Athletics: Soh Rui Yong served lawyer's letter by fellow national marathoner Ashley Liew; SNOC drops legal action

SINGAPORE – Two-time SEA Games marathon champion Soh Rui Yong was served a lawyer’s letter on Tuesday (April 9) by fellow national athlete Ashley Liew requesting the former retract his statements on the 2015 SEA Games marathon and apologise publicly.

This comes after the Singapore National Olympic Council (SNOC) had on April 1, through law firm Rajah & Tann, served Soh a lawyer’s letter with similar requests. It had set a deadline of April 8 for this, which Soh did not comply with.

The SNOC on Tuesday said it will not be taking further legal action against Soh and added in a statement on its website that it has “done all that is necessary to bring the truth of what happened during the race to light. SNOC will leave it to Mr Liew to take up the matter further with Mr Soh to vindicate Mr Liew’s reputation.”

Last October, Soh disputed Liew’s account of events at the 2015 race in Singapore, for which the latter was given a special award for sportsmanship by the SNOC and the Pierre de Coubertin World Fair Play Trophy by the International Fair Play Committee (CIFP) in 2016.

During the segment of the marathon at East Coast Park, Liew had reportedly found himself with a 50m lead after 12 other runners missed a U-turn and took the wrong route. But, instead of capitalising, he slowed down to give his rivals time to catch up.

Liew eventually finished eighth in the event which Soh won.

Soh alleged on social media that Liew’s story was “untrue” after the CIFP had put up a Facebook post last year hailing Liew as a role model for fair play.

In his first public comments since Soh’s allegations, Liew, a chiropractor, said in a statement on Tuesday: “From a personal standpoint, I have not responded publicly to something like this because it is not my nature to fan any controversy. To me, staying silent on the matter was an exercise in de-escalation, not an admission of guilt.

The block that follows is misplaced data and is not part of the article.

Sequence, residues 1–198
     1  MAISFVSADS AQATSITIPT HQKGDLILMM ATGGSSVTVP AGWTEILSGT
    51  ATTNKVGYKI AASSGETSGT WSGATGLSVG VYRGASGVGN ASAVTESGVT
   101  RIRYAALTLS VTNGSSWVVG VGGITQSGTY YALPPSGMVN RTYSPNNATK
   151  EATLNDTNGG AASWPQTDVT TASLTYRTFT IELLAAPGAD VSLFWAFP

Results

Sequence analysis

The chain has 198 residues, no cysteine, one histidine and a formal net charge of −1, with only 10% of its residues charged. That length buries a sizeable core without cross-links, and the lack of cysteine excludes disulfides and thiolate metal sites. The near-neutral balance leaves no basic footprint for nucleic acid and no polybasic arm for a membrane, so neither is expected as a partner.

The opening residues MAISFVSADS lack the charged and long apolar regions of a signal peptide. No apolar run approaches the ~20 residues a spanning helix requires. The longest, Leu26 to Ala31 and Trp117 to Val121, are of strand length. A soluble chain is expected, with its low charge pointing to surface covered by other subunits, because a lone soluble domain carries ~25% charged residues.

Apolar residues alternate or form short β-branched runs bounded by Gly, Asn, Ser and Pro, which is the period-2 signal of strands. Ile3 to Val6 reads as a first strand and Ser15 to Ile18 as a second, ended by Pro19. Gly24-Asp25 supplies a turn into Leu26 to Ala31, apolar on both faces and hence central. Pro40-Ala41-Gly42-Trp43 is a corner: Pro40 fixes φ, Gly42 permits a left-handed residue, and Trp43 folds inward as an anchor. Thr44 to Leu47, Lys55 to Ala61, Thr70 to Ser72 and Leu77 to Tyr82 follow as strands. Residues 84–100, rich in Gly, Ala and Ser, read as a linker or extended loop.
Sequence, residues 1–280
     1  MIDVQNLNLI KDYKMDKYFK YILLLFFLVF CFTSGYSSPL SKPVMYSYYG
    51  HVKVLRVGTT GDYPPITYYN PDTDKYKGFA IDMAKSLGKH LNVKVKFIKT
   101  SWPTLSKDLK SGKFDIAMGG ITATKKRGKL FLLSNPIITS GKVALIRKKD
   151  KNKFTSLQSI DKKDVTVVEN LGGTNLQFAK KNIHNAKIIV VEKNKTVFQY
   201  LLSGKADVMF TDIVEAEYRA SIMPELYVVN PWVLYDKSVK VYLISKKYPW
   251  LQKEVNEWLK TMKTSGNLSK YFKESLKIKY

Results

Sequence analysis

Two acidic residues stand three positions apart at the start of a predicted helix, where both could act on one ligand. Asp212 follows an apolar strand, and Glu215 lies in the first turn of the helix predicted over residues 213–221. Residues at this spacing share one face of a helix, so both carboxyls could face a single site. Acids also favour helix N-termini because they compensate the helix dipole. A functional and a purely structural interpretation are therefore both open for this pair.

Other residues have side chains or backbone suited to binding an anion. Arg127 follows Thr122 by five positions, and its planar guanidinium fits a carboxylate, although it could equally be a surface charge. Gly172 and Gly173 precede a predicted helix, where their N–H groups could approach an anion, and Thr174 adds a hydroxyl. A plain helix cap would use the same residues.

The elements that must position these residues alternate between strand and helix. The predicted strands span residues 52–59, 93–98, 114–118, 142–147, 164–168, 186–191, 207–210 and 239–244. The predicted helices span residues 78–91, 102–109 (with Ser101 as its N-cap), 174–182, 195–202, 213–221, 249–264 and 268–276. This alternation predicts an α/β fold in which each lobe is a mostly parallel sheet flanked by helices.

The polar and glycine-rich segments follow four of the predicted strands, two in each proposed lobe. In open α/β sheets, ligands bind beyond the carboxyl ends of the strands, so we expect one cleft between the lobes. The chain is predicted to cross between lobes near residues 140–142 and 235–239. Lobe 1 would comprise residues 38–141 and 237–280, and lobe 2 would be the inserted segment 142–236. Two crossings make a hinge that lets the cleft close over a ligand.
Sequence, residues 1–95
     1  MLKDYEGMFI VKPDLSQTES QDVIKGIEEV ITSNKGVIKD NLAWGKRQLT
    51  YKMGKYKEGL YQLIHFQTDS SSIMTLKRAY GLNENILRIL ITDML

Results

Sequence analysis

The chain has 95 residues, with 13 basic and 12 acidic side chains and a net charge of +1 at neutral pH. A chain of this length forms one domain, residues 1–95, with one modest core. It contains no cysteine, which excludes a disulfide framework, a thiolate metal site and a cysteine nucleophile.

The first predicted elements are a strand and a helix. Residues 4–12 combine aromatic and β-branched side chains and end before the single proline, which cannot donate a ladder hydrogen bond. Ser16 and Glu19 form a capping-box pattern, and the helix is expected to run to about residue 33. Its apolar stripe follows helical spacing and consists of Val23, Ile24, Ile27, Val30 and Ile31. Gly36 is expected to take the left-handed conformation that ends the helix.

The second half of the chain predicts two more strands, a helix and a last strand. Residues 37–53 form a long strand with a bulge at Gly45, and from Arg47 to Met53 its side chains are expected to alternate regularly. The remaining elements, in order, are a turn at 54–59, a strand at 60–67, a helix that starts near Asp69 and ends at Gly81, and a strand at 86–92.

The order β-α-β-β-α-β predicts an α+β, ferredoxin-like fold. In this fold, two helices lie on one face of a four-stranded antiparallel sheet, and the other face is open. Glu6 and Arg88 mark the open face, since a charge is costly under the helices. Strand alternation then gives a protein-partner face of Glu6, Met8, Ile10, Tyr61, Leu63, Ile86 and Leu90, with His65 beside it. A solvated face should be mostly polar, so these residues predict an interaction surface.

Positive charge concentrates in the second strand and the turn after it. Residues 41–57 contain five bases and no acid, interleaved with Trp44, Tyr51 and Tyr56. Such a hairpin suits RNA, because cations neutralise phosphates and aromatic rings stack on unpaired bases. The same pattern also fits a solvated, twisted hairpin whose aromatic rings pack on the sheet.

“However, with the insinuations continuing, I cannot remain silent anymore. I believe it is time to speak up and clear the air.”

On suggestions that he provide tracking data, his management company ONEathlete noted this was not possible as Liew was using a Timex analog non-GPS watch during the 2015 race.

The SNOC letter had stated Soh’s allegations “casts aspersions on the merits and integrity of SNOC’s submission of Mr Liew’s candidacy to the Fair Play Committee”.

It also noted the SNOC, through Rajah & Tann, has “interviewed and spoken with various individuals who had personally witnessed the event that day”, and that at least four individuals have since stepped forward to the SNOC to support Liew’s account.

Liew, 32, has engaged Mark Teng of That.Legal LLC. Business development executive Soh, 27, is represented by Eugene Thuraisingam LLP.

Soh said besides an apology, Liew was requesting he pay for his legal fees.

Soh told The Straits Times he will “entertain neither request” and added: “I am open to mediation and to find common ground if he wants to talk about this.

“(My plans going forward are) to find common settlement for all parties so we can leave this trivial matter behind and get ready for the 2019 SEA Games and other more important things.”

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